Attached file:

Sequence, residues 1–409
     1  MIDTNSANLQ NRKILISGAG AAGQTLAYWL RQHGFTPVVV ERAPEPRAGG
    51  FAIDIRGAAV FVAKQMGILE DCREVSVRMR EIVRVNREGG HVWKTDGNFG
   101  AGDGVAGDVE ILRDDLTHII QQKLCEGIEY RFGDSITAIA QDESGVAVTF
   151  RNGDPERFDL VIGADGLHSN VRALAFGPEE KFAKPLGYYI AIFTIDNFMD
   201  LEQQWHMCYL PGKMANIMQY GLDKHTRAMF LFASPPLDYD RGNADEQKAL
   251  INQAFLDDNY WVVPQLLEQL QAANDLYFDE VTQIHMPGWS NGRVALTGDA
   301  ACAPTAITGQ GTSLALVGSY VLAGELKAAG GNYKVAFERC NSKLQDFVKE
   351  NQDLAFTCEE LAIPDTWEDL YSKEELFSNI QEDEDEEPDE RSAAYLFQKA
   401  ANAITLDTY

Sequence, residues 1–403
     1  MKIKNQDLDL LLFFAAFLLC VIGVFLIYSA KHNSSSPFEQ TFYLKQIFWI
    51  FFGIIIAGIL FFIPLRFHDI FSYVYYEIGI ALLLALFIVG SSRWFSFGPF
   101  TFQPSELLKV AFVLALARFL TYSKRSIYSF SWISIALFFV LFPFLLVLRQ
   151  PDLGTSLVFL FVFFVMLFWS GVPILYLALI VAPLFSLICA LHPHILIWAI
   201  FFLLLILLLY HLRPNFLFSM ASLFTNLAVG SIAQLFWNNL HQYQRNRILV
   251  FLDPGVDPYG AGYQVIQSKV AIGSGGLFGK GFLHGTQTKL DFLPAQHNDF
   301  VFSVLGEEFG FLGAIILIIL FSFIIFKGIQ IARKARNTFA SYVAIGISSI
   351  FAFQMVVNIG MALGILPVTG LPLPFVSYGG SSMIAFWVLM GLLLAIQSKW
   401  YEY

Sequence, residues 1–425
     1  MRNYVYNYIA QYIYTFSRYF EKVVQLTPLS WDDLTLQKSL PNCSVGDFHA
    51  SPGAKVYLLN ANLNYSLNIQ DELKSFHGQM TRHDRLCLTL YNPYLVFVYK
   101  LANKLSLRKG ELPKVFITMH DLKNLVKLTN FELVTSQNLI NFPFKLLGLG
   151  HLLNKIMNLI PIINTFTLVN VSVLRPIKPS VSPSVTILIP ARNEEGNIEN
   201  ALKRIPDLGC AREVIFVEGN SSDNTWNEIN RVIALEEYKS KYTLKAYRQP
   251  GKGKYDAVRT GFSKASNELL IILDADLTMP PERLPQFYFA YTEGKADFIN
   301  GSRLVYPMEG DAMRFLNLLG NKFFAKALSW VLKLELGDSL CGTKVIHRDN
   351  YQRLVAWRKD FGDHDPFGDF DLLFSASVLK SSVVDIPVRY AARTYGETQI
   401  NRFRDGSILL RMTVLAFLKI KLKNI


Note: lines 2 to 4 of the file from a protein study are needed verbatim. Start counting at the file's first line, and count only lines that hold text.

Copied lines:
     1  MIDTNSANLQ NRKILISGAG AAGQTLAYWL RQHGFTPVVV ERAPEPRAGG
    51  FAIDIRGAAV FVAKQMGILE DCREVSVRMR EIVRVNREGG HVWKTDGNFG
   101  AGDGVAGDVE ILRDDLTHII QQKLCEGIEY RFGDSITAIA QDESGVAVTF